Then there is Jimmy Carter. Humble. Decent. Not the proselytizing type. Not the sort of man to give you a lecture for your behavior. He is a man much more concerned about living the example of Jesus through deeds than through words. Here is a man who if he followed the Ronald Reagan model for ex-presidents might have grabbed speaking fees for tens or hundreds of thousands of dollars at a pop. Instead he went home after a bitter defeat, licked his wounds, built the required presidential library and went to work. Most of us know that he started Habitat for Humanity, which creates affordable housing across the nation. Many of us also know he has worked tirelessly to bring democratic government to nations that never knew it. If you look around the world today and wonder why there are more democratic nations than there were in 1980, don’t think Reagan or Bush had much to do with it. Thank instead Jimmy and Rosalyn Carter who monitored countless elections. Thank also Jimmy and Rosalyn for all their work vital work in world sustainable development.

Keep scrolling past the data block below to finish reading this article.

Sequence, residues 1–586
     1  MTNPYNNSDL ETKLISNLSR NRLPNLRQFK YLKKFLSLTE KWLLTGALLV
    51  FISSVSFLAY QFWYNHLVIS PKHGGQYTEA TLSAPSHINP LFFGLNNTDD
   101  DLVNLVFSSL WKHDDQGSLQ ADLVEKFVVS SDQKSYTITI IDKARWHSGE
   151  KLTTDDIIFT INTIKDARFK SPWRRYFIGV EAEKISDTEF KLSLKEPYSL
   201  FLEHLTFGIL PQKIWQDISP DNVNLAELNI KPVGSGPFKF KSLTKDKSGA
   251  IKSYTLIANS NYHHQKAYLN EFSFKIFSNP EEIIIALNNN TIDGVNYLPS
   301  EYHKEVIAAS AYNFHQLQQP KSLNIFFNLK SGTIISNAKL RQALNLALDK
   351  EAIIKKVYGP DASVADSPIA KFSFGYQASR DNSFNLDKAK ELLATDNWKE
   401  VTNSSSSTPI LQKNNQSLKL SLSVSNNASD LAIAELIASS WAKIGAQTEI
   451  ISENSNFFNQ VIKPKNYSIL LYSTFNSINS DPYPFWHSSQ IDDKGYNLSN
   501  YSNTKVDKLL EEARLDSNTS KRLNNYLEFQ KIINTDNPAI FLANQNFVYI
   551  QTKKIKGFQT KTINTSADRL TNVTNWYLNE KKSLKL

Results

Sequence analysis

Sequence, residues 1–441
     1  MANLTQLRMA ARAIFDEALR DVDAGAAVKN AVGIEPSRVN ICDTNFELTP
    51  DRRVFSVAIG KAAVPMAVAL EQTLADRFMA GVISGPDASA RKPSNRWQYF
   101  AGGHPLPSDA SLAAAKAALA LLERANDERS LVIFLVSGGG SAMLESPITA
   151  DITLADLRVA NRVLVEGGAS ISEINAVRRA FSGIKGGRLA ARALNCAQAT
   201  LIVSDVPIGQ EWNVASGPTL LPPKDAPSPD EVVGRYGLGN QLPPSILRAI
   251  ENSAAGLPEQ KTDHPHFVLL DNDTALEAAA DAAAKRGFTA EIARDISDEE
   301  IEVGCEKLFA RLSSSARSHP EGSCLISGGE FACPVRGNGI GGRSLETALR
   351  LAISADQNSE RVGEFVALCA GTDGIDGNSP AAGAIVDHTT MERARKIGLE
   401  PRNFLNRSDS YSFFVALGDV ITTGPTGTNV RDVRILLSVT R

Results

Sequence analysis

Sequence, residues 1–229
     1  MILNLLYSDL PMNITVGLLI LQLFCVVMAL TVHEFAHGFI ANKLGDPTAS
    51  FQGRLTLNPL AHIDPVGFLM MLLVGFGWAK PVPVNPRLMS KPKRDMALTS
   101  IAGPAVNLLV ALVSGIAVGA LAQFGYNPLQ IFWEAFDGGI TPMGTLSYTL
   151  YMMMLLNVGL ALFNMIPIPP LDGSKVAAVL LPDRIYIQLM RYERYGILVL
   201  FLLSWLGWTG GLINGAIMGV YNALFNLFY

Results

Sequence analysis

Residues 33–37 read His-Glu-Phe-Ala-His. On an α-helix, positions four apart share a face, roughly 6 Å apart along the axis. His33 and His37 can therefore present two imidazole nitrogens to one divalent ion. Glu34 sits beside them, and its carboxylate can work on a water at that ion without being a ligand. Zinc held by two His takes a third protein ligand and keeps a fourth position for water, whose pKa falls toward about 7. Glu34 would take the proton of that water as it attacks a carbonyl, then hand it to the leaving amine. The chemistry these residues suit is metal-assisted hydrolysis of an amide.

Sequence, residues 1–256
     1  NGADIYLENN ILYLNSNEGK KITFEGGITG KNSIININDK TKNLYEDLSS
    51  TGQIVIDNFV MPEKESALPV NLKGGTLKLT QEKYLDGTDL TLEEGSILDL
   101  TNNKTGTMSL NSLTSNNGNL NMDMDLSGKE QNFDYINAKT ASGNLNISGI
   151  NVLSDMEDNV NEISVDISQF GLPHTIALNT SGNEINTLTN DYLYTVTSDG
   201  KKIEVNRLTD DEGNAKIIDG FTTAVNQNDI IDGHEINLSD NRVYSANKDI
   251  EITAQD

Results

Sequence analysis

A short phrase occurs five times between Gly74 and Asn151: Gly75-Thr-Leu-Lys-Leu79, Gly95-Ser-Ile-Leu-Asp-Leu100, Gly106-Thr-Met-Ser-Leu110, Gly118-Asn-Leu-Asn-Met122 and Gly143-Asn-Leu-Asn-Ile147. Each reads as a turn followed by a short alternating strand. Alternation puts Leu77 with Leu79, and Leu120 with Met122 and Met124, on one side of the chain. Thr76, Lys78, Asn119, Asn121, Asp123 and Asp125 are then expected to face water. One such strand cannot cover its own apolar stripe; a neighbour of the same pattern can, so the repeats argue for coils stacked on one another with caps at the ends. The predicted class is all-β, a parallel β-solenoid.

People often say that Jimmy Carter was a terrible president. The truth is that Carter was too good to be our president. We say we want a man of peace and high character as our president. But in fact we prefer the macho cowboy as president, not the 98-pound weakling. We even prefer adulterers like Bill Clinton to weenie men like Jimmy Carter who confess lust in their hearts but don’t do anything about it. We saw Jimmy Carter as almost effeminate: a wimp. Here was a guy who agonized for weeks before sending American forces into combat in an unsuccessful attempt to free our hostages from Iran’s custody. We all know W would not be such a wimp. He’d send in the Marines! Send out the strike fighters! He’d show those wacky Persians who’s the boss! Yes, we require a real man (or perhaps someday a real woman) as our president. We don’t want someone who realizes what a hollow thing our sexual stereotypes are and instead is content to be an honest and fallible human being.